Money Market Funds: What They Are and the Advantages and Disadvantages
November 25, 2022
Money Market Funds: What They Are and the Advantages and Disadvantages
November 25, 2022
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If you’re looking at a short-term investment time horizon and want a liquid market, meaning you can easily pull your money out if you choose to, a money market fund can be a good investment vehicle. Per the U.S. Securities and Exchange Commission (SEC), money market funds developed in the 1970s “as an option for investors to purchase a pool of securities that generally provided higher returns than interest-bearing bank accounts. Money market funds invest in high quality, short-term debt securities and pay dividends that generally reflect short-term interest rates. Many investors use money market funds to manage their cash and other short term funding needs.” Over the years, money market funds have become increasingly popular. They currently hold about $3.0 trillion in assets.
What Is a Money Market Fund?
A money market fund, also referred to as a money market mutual fund, is a savings and investment vehicle offered by brokerages, mutual fund companies, and banks. It’s generally considered less volatile compared to other investment options as the investments are made in cash and other low-risk, short-term debt securities. When you invest in a money market fund, you’re generally issued shares like you would be when buying a stock or other asset class that issues redeemable units or shares.
According to Fidelity, “The types of debt securities held by money market mutual funds are required by federal regulation to be very short in maturity and high in credit quality. All money market funds comply with industry-standard regulatory requirements regarding the quality, maturity, liquidity, and diversification of the fund’s investments.” According to Investopedia, a money market fund “invests in highly liquid, near-term instruments. These instruments include cash, cash equivalent securities, and high-credit-rating, debt-based securities with a short-term maturity (such as U.S. Treasuries).” Because money market funds are closely regulated by the SEC and must adhere to strict governmental regulations, it can make them a less risky investment than investing in mutual funds, individual stocks, or exchange-traded funds.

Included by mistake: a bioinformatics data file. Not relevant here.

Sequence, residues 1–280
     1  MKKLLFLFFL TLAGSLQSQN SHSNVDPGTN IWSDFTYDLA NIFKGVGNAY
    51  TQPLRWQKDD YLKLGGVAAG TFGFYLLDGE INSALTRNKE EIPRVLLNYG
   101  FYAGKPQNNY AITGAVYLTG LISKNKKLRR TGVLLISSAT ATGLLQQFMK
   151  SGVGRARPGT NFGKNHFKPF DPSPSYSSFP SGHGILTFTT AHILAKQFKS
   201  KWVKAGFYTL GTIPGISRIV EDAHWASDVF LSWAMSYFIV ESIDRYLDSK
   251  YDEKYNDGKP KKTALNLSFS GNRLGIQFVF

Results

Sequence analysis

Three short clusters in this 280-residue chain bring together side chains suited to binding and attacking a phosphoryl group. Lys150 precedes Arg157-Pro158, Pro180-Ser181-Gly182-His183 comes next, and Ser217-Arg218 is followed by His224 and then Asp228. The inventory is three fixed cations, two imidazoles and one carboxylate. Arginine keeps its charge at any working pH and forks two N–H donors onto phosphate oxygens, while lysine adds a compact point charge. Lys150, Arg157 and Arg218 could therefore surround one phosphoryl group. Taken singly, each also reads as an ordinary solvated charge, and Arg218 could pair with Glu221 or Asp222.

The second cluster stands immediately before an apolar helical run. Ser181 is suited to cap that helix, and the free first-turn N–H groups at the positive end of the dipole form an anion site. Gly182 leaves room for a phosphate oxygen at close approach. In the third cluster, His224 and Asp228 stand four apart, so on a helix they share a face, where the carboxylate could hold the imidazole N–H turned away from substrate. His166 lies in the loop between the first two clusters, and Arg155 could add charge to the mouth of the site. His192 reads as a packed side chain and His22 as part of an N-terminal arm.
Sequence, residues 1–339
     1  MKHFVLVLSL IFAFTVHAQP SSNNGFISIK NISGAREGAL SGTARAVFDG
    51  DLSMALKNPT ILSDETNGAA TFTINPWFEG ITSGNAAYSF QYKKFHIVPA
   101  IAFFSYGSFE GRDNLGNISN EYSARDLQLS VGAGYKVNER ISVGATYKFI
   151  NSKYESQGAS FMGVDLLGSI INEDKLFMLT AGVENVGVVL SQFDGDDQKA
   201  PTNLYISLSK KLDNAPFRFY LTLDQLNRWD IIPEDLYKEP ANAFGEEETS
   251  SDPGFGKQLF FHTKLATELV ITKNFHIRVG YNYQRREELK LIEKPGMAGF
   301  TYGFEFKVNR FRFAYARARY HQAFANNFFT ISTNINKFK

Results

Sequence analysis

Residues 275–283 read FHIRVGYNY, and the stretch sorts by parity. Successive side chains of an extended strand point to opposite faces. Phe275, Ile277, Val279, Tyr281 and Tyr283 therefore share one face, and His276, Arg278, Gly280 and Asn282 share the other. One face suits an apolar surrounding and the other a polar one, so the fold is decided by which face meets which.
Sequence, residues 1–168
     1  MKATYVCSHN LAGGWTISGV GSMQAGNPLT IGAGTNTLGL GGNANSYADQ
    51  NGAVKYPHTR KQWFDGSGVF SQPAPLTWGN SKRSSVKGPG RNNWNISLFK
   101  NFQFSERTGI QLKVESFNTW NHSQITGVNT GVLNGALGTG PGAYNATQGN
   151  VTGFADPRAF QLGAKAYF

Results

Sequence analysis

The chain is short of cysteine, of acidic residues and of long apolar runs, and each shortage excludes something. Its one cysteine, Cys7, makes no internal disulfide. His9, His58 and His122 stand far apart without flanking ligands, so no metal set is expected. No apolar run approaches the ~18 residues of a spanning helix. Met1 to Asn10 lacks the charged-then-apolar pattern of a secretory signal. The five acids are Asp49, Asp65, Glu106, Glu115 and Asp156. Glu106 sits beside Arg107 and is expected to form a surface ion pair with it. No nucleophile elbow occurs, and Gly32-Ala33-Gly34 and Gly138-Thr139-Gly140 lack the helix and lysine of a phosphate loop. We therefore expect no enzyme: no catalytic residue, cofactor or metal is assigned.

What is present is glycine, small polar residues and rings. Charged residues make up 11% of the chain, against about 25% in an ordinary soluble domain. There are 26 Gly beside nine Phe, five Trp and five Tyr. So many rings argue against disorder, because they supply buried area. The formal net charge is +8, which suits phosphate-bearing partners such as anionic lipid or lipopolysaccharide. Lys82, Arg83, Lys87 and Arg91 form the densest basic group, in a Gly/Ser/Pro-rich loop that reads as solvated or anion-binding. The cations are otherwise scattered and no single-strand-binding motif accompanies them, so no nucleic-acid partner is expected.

Types of Money Market Funds
Money market funds are generally categorized depending on the asset classes in which they’re invested. Money market funds may invest in the following:
- U.S. Treasury Securities – short-term U.S. government debt obligation backed by the Treasury Department with a maturity of one year or less
- Federal agency notes – a security issued by a government-sponsored enterprise or by a federal government department other than the U.S. Treasury
- Eurodollar deposits – bank deposit liabilities denominated in U.S. dollars but not subject to U.S. banking regulations
- Repurchase agreements – short-term government securities
- Certificates of deposit – bank-issued savings certificate with short-term maturity
- Corporate commercial paper – short-term, unsecured debt obligation that financial institutions and large corporations issue
- Municipals – securities whose interest is exempt from federal and state personal income taxes
There are three commonly recognized types of money market funds:
- Prime money market funds – a money market fund that invests in corporate commercial paper and federal agency notes (not issued by the U.S. Treasury).
- Government money market funds or Treasury funds – A money market fund that invests mainly in a combination of U.S treasury securities and repurchase agreements is categorized as a government money fund. Do note that a government money fund must invest, per Fidelity, “at least 99.5% of its total assets in cash, government securities, and repurchase agreements that are fully collateralized by cash or government securities.” A money market fund that invests in U.S. Treasury securities is referred to as a treasury fund.
- Municipal money market funds – money market funds that invest in municipals is categorized as tax-exempt money fund, as municipal securities are usually exempt from federal and state personal income taxes.
Advantages of Money Market Funds
Money market funds are considered one of the more stable investment options and less likely to experience the level of volatility or considerable swings in share price compared to other asset classes. For those with a low tolerance for risk or desiring to maintain liquid assets, money market funds may be especially attractive. Money market funds are a liquid investment, meaning to get out of your positions, all you have to do is sell your redeemable units or shares at the current price. You can also write checks and make electronic transfers out of money market fund accounts, meaning you can quickly access your money if needed.